1902 Their two-wheelers had a bicycle-type frame, with a vertically-mounted own-built 1¾ hp or 2¼ hp engine on the right of the downtube. The drive belt to the rear wheel was on the left of the tube. The cylinder fins were loose washers, dropped over the plain diameter and held by the long studs that secured the head. The controls were all handlebar mounted and included a twisting-handle throttle, while the rear brake was an internal-expanding drum with cam operation.
1903 They advertised a 50-mile trial run for any would-be buyer.
1904 By now, the company had turned to the production of cars.
1903 Their first automobile was displayed at the Crystal Palace motor show. Weller Brothers planned to produce an advanced 20-hp car. However, Portwine, their financial backer, thought the car would be too expensive to produce and encouraged the Wellers to design and produce a little delivery 3 wheeler. Wellers did so, called it the Auto-Carrier, and a new company was founded, named Auto-Cars and Accessories.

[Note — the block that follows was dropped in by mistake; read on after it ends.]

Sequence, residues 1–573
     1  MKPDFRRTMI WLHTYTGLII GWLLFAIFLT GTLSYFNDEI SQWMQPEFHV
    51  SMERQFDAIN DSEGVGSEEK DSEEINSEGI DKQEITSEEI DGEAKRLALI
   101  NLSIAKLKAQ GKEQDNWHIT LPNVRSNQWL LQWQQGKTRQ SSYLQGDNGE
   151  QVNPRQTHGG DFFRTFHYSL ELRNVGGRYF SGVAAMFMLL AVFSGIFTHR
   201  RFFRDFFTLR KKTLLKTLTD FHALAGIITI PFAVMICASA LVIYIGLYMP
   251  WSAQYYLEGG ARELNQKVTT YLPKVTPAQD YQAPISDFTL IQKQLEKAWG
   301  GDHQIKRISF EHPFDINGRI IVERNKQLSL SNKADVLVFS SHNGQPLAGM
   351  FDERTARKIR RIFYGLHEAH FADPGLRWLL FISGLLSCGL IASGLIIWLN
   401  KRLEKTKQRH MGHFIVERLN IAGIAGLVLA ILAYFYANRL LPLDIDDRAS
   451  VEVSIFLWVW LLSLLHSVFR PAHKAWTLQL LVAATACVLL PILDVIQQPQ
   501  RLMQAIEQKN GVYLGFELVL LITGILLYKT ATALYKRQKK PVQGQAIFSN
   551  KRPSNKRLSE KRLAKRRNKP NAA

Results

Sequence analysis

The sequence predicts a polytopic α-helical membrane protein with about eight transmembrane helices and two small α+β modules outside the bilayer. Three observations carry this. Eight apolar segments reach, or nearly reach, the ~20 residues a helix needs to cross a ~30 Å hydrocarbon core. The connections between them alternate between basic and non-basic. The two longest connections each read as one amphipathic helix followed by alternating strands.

Early that year Felix W. Hudlass joined the firm.
c.1908 the Weller Bros firm closed due to lack of capital and was bought by Douglas S. Cox of Thomas Place, West Norwood, who briefly produced the Osterfield car.
If you have further information or a query related to this page, please contact us